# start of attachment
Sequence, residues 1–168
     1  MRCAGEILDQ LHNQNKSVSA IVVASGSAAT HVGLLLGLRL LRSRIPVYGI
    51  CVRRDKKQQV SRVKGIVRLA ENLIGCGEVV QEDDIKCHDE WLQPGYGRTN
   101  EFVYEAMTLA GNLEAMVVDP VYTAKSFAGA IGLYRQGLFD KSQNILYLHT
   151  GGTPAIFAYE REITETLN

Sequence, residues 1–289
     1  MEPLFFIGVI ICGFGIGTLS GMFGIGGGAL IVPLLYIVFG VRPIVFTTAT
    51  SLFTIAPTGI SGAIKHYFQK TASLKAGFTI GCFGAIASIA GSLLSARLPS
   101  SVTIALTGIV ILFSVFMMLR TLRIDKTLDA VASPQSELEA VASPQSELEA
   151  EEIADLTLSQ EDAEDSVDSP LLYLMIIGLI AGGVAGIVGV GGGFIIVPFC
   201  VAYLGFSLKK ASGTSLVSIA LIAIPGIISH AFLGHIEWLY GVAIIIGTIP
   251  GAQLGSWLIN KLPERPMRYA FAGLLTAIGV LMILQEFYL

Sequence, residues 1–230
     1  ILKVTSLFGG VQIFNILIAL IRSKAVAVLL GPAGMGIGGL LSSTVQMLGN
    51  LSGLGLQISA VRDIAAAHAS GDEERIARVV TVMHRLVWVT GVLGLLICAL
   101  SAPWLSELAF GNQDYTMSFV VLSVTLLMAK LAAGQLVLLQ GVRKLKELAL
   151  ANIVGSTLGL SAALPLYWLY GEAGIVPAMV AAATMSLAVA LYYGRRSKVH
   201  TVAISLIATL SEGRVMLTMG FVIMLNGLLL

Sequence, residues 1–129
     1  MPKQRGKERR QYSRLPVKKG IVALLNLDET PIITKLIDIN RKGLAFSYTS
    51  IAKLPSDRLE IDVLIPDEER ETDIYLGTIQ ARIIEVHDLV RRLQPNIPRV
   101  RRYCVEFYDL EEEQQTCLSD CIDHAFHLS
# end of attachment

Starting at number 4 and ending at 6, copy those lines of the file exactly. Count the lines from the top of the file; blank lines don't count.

   101  EFVYEAMTLA GNLEAMVVDP VYTAKSFAGA IGLYRQGLFD KSQNILYLHT
   151  GGTPAIFAYE REITETLN

Sequence, residues 1–289